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Joker - Hindi Movie
Saturday, September 01, 2012

Firstly why’s this film called Joker? Well, partly because the joke here is probably on your own intelligence. Apart from that, it refers to the joker in a pack of cards that belongs to no colour or denomination. This is metaphor for a village called Paglapur that is attached to no state.

 



Knowing that a mob of mad men had set themselves free from the village’s mental asylum, were causing a riot, the cartographer at the time of independence decided not to record this village’s existence on the Indian map. But of course, the self-sufficient village does exist. A dam withholds water that they could have used for agriculture. Fishbowls with fireflies inside light up this secluded jungle at night. A population of 600 are reasonably well dressed, speak fluent Hindi, though one of them (Shreyas Talpade) has developed a language of his own. One old man (Asrani) believes he’s living in the 1940s while WWII is still on. Another one passes on a heavy metallic globe, whispering to the other, “Kar lo duniya mutthi mein.” Clearly you can escape the influence of the state in India, but Reliance? No chance! People belong to different age groups in this isolated hamlet. Given there are absolutely no women around, their reproduction process remains a biological mystery.

 



Askhay Kumar’s character is one of those born among men in Paglapur. He managed to step out of this jungle and land himself a job in America. Nobody else had any clue about his escape route, it appears. They could find a phone to call him though. They want him back to save them. Their problems are simple, or at least not very different from the rest of India’s: water and electricity. The solution is just as easy: directing the attention of politicians to the plight of these villagers.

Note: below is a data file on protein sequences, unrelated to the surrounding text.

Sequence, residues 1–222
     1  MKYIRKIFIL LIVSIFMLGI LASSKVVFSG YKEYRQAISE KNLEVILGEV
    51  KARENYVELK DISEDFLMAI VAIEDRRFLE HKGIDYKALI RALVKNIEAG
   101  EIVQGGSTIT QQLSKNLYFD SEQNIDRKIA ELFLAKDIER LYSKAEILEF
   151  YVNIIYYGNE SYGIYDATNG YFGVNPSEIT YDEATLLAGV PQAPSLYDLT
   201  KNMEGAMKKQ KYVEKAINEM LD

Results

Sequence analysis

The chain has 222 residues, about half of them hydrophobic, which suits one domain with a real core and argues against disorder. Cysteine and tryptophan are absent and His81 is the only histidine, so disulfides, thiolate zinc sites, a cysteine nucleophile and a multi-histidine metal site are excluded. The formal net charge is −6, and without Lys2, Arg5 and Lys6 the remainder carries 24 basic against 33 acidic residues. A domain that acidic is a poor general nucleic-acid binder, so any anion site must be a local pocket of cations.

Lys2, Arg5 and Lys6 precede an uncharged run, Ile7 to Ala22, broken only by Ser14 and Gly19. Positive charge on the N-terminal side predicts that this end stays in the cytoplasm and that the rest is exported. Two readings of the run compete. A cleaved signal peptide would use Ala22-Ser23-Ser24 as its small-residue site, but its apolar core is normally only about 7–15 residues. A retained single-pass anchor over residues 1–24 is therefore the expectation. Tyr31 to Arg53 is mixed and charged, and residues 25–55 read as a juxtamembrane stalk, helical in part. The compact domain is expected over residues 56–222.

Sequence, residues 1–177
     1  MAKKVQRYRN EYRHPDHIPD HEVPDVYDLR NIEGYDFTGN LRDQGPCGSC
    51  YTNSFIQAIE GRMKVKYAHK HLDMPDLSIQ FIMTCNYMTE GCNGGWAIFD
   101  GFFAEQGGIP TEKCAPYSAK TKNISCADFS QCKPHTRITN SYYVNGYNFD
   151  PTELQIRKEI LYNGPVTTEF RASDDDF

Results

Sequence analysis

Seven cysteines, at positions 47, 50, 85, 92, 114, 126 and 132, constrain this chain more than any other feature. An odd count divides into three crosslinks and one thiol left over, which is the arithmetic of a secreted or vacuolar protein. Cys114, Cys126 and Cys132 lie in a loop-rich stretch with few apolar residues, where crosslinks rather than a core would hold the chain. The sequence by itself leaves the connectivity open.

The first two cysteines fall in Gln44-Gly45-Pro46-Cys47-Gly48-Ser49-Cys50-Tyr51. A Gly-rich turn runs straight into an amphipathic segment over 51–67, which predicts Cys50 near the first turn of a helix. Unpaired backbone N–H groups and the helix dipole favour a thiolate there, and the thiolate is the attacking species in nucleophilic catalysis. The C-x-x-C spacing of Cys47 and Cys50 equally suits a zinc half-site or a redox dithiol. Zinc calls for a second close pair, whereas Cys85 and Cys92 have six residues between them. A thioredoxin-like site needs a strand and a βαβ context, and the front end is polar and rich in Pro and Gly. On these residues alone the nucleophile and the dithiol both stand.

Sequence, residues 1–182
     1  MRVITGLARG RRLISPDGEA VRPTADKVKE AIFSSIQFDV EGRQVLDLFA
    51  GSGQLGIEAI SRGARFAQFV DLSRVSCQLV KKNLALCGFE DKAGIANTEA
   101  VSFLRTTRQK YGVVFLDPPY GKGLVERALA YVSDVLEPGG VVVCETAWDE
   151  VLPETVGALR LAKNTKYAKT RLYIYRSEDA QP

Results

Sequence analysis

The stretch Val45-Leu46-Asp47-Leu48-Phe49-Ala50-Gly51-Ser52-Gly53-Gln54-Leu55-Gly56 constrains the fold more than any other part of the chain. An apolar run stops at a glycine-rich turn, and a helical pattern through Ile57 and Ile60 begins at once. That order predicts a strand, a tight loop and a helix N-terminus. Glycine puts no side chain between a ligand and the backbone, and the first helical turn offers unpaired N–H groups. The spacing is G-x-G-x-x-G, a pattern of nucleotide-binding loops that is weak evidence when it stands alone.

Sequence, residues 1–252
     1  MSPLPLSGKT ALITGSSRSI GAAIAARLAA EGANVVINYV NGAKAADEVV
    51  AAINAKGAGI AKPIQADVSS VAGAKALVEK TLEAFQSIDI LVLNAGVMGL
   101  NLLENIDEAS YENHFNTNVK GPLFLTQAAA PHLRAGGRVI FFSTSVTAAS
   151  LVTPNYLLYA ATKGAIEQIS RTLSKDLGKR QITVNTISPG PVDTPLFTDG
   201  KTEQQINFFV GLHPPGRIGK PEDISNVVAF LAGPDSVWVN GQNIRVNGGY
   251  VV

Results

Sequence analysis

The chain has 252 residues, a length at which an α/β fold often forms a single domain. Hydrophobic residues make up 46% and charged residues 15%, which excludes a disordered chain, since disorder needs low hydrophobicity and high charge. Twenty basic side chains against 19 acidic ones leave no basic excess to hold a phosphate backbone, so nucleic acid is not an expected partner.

Akshay Kumar plays a scientist Agastya with “dunia ki pehli machine”that can connect with aliens! He’s been given a month’s extension in his project to discover life-forms outside Earth. One month should be given enough, of course. Sonakshi Sinha (for the first time in a role that’s longer than a song) plays the hero’s girlfriend, obviously. The two get to the isolated village. Agastya does what he knows best – convinces a bunch of people of sightings of crop circles in his village. Crop circles confirm alien landings. It also tells us the filmmakers are fans of Manoj Night Shyamalan’s The Signs (2002), and perhaps The Village (2004) too. The news-media buys the story. Outside broadcasting (OB) vans line up in the ignored, rural hamlet. Politicians attempt to cash in on the attention. This proves the filmmakers truly believe Anusha Rizvi’s film Peepli Live (2009) should’ve been made with much bigger budgets. Well, they have remade it here all right.

If I’m not mistaken, this film was initially planned as a 3D sci-fi adventure. Clearly if songs can have a Bollywood remix, so can a sci-fi story. India’s own movie contribution to aliens is Steven Spielberg’s ET (1982), no less. The original thought behind Spielberg’s 1982 blockbuster is believed to have been a script of Ray’s, which was bought by Columbia Pictures, and had been floating around in Hollywood for a couple of decades. This is not a Bengali conspiracy theory. There is grain of truth in it.

The aliens you see in this film though are made of vegetables. This is deliberate. They’re not supposed to be aliens at all. The film isn’t quite exactly a science fiction either. What is it exactly then? Only Shirish Kunder, the film’s writer, director and editor, could best answer that question. Compared to his past movies (Jaaneman, Tee Maar Khan), at least this has an idea, to begin with. It may not be the world's best, but an idea nonetheless. A version of the lovely Kishore Kumar song “Paanch Rupaiya Barah Aana” (Chalti Ka Naam Gaadi) plays all through the film. The background music has also been scored by Kunder. Eventually troops from the American FBI enter this village, they fire from machine guns, tanks and armoured vehicles start charging.... This is when you know someone needs to get this director’s creativity to calm down a bit. Of course, that’s not going to be Akshay Kumar! And it's not going to be the audience, or the lack of one, either.



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